US Consumer Prices Hit 2% Fed Inflation Target

U.S. consumer prices accelerated in the year to May, with a measure of underlying inflation hitting the Federal Reserve’s 2 percent target for the first time in six years.

Consumer prices as measured by the personal consumption expenditures (PCE) price index rose 0.2 percent after a similar gain in April, the Commerce Department said on Friday. In the 12 months through May, the PCE price index surged 2.3 percent.



That was the biggest gain since March 2012 and followed a 2.0 percent rise in April. The PCE price index excluding the volatile food and energy components increased 0.2 percent for a sixth straight month.

That pushed the year-on-year increase in the so-called core PCE price index to 2.0 percent, the biggest gain since April 2012. The annual core PCE price index rose 1.8 percent in April. The core PCE index is the Fed’s preferred inflation measure.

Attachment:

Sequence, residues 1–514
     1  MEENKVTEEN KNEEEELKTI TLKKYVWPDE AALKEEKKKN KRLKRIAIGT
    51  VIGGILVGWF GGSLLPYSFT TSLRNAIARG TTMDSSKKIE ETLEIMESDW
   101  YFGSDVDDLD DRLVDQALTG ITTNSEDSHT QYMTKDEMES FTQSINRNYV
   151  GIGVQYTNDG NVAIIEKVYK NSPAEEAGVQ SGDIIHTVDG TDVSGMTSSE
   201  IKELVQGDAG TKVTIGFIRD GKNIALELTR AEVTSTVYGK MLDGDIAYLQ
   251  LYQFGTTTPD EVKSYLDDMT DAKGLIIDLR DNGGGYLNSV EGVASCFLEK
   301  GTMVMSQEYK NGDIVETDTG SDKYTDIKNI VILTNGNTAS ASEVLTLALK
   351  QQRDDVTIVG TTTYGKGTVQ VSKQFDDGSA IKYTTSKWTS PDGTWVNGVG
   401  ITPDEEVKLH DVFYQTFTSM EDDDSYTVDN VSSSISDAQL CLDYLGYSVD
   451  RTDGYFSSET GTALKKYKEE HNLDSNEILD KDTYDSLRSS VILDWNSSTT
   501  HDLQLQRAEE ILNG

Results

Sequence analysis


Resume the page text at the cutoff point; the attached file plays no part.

via CNBC

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Alfonso Esparza

Alfonso Esparza

Senior Currency Analyst at Market Pulse
Alfonso Esparza specializes in macro forex strategies for North American and major currency pairs. Upon joining OANDA in 2007, Alfonso Esparza established the MarketPulseFX blog and he has since written extensively about central banks and global economic and political trends. Alfonso has also worked as a professional currency trader focused on North America and emerging markets. He has been published by The MarketWatch, Reuters, the Wall Street Journal and The Globe and Mail, and he also appears regularly as a guest commentator on networks including Bloomberg and BNN. He holds a finance degree from the Monterrey Institute of Technology and Higher Education (ITESM) and an MBA with a specialization on financial engineering and marketing from the University of Toronto.
Alfonso Esparza